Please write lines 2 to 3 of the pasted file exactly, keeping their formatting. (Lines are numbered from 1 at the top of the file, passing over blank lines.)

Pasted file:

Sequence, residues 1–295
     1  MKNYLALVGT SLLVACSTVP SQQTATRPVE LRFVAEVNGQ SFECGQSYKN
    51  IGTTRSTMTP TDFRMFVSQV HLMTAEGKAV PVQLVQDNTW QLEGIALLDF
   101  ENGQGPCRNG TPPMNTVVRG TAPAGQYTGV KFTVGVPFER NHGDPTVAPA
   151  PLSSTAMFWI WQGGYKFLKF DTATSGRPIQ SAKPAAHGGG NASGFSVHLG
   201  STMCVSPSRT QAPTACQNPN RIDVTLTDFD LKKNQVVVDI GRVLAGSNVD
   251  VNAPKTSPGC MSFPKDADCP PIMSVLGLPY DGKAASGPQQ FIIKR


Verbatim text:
     1  MKNYLALVGT SLLVACSTVP SQQTATRPVE LRFVAEVNGQ SFECGQSYKN
    51  IGTTRSTMTP TDFRMFVSQV HLMTAEGKAV PVQLVQDNTW QLEGIALLDF